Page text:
A few days ago, a woman approached me with several questions about her fledgling business–a beginner horseback riding lesson program in Upstate New York–and how she could make it grow. As it stands now, she has a fairly loyal customer base, but their payments do not provide her with an income that is steady enough to support herself and her family. Her full time work schedule means that she can only offer lessons on the weekends and often results in her working 6 to 7 days per week. She is working with a limited number of lesson horses on a small farm with a very small indoor arena. To me, this seemed like a pretty difficult position to be in, but one that I thought many other farm owners could relate to. In this article I will touch on some of the methods by which instructors–or pretty much any equine business owner–can help their business to grow by attracting new customers.
Competition between riding programs is rather fierce these days, as many families elect to forego the weekly riding lessons of the not-so-distant past due to tighter budgets and time constraints. Sometimes a student may have to travel great distances to reach a horse farm. The cost of travel, combined with the cost of the lessons themselves, can very quickly turn into the same amount one might spend on a new car or their monthly rent. When weighed against other expenses, riding lessons may take the back seat. Instructors often need to be not only well-known, but capable of teaching more than just one specific discipline. They must have horses for every rider’s experience level available to them at all times. One mishap or otherwise poor experience can cost an instructor both that student and their reputation as an instructor. That being said, with proper business practices, it is still possible to gain customers and make a living in this field.
Tip #1: Utilize Word of Mouth Advertising
Are your clients happy with your program? Chances are, if they keep coming back and handing you money, that answer is yes. Remind them to tell others about you and your business. If you can, give them an incentive, such as a referral program that provides them with a free lesson if they bring in a new customer. Offer to give the lesson at the customer’s own location if you can. Word of mouth advertising is extremely powerful–more powerful, even, than social media and print advertising combined. You can’t be sure that someone will spread your name around after a positive experience, but you can be darn sure people will hear about a bad one. Make sure everything that’s said about you is positive!
Tip #2: Take to Social Media
If you aren’t on Facebook, you need to be. Although this social media giant is typically seen as a method for connecting with friends and family and sharing every insignificant detail of your life, it is also a dominant marketing tool for businesses. Facebook advertisements can easily reach thousands of local customers for a very reasonable price. I spent $5 on my last ad campaign and reached 717 individuals. I received 4 new wall posts and over 30 new likes in just the two days the campaign was running. That may not seem like a lot, but every like increases your business’ online “range.” Once a person likes your page, there is an increased chance of your business showing up to their friends as well. Considering the average number of “friends” per user is over 300, that means my business now has the potential to reach about 9,000 more users. That $5 investment doesn’t look so wimpy now, does it?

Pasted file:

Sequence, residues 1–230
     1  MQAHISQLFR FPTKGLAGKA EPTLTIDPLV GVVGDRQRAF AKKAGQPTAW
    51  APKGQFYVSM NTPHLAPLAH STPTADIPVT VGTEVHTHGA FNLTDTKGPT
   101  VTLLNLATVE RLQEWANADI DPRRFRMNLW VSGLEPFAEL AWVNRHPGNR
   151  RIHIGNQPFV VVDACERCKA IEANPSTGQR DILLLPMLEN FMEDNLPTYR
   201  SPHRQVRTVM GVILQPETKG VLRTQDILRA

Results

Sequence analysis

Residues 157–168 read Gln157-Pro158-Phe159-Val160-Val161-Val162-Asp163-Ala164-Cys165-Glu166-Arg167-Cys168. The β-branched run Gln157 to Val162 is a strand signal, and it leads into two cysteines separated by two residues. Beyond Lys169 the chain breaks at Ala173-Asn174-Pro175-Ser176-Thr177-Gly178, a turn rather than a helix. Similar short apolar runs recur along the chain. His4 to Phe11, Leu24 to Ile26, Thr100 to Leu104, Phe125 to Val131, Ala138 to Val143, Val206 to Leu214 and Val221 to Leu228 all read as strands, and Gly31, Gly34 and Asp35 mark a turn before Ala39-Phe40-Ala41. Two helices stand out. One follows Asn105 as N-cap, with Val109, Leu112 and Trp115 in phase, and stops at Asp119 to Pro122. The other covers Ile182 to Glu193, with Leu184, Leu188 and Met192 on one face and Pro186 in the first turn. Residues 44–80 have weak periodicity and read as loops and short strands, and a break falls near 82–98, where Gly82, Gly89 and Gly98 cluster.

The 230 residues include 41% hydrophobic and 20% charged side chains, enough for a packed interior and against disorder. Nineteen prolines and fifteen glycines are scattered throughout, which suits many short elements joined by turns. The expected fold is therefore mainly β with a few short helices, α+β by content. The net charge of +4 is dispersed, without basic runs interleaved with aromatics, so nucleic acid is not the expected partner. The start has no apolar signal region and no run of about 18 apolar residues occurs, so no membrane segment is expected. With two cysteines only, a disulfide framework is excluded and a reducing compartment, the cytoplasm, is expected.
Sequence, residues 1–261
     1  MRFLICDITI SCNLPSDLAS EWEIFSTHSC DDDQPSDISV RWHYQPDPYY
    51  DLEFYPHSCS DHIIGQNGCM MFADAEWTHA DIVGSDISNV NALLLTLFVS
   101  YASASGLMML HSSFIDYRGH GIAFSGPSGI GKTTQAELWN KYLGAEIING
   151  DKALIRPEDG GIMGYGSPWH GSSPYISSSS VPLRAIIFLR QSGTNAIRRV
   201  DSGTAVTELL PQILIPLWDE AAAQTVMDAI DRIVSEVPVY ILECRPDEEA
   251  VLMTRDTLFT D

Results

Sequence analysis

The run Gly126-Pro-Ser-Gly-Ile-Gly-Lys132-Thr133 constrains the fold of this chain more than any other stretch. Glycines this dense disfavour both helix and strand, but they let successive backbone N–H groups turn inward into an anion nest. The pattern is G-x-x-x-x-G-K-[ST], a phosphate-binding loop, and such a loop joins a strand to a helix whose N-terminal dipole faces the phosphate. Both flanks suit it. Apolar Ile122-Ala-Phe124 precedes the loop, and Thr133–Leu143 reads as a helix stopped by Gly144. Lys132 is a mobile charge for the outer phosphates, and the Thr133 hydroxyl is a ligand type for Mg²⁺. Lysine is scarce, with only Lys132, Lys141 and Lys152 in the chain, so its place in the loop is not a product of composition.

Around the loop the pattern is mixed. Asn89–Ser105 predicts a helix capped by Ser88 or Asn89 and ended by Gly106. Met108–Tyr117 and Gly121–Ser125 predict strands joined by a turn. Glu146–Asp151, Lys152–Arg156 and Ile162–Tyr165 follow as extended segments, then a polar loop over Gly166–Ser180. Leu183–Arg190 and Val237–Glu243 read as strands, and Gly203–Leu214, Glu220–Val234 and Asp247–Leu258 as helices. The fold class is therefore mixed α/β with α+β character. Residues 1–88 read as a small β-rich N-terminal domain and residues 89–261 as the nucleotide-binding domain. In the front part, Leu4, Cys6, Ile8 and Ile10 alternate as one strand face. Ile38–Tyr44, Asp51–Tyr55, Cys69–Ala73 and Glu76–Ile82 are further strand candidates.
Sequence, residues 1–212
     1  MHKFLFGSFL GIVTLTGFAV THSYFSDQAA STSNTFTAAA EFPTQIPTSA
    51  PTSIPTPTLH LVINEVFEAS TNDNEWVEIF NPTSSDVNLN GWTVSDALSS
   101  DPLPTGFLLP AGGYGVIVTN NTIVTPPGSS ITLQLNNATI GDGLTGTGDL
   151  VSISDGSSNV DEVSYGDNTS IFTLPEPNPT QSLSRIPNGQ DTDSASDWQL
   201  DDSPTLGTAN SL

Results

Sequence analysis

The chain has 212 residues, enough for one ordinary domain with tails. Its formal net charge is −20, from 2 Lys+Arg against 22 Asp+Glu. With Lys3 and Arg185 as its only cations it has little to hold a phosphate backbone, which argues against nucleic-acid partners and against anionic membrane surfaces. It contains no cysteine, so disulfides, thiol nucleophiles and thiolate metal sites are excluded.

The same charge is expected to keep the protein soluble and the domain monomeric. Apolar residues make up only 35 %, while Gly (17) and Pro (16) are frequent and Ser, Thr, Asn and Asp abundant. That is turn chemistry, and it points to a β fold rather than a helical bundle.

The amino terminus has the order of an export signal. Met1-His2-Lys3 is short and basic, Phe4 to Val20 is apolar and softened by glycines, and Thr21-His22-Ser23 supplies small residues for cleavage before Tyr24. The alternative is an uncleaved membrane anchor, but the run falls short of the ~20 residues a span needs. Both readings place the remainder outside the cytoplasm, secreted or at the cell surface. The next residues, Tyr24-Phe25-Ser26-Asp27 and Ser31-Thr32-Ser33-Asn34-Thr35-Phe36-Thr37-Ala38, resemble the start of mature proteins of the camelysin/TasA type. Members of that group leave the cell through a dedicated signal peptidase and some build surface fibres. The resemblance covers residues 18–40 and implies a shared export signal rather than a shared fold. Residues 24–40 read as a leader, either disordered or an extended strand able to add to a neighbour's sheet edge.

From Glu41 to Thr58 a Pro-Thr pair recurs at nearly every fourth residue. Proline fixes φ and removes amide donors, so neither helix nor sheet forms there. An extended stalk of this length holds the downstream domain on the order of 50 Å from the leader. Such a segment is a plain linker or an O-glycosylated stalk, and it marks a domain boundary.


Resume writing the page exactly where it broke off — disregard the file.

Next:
Facebook also allows businesses to track their page “insights,” including the age, gender and location of the users visiting the page, as well as what they are viewing most and when. Knowing which posts are the most effective at drawing attention is a valuable bit of information for any company, large or small. Users can also join Facebook groups that pertain to their business. There are hundreds of local groups for horse lovers, horses for sale, horse-related discussion forums, and more. Join and participate in as many of them as you can. It’s all about networking.
Tip #3: Keep in Touch via Email
Sending out bi-weekly or monthly emails to your clients can be an efficient way to keep ahead of your competition. A good email subject line, relevant and interesting content, and easy access to your contact info are a few surefire ways to get results from your email blasts. The most straightforward way to collect emails from potential clients is to ask for them. Collect business cards from people and you’ll notice that many of them include an email address. Using an email client such as MailChimp will allow you to create a signup form that can be added to your Facebook page or website, as well as allow you to view your email lists and the results of each email campaign. Don’t use your email blasts just to advertise–make each email worth opening. Offer tips and tricks, savings coupons, event invitations, contests and useful articles to keep your customers opening and reading your emails time and time again.
Tip #4: Appear Often
I cannot stress this enough. It is a proven fact that the more often a business appears to customers, whether it be through personal interactions, business cards, fliers around town, or on the web, the more apt that customer is to remember your business name. Obtain professional business cards and a well-built website. Invest in a sign for the end of your farm’s driveway if possible. Attend seminars and clinics to heighten your skills. If you travel a lot, turn your vehicle into a rolling billboard for your program while you’re at it. Attend shows and events with your students to reap some of the benefits of their blue ribbons when people ask who their trainer is!
Do you have any suggestions for how to bring in customers? Comment below and tell us!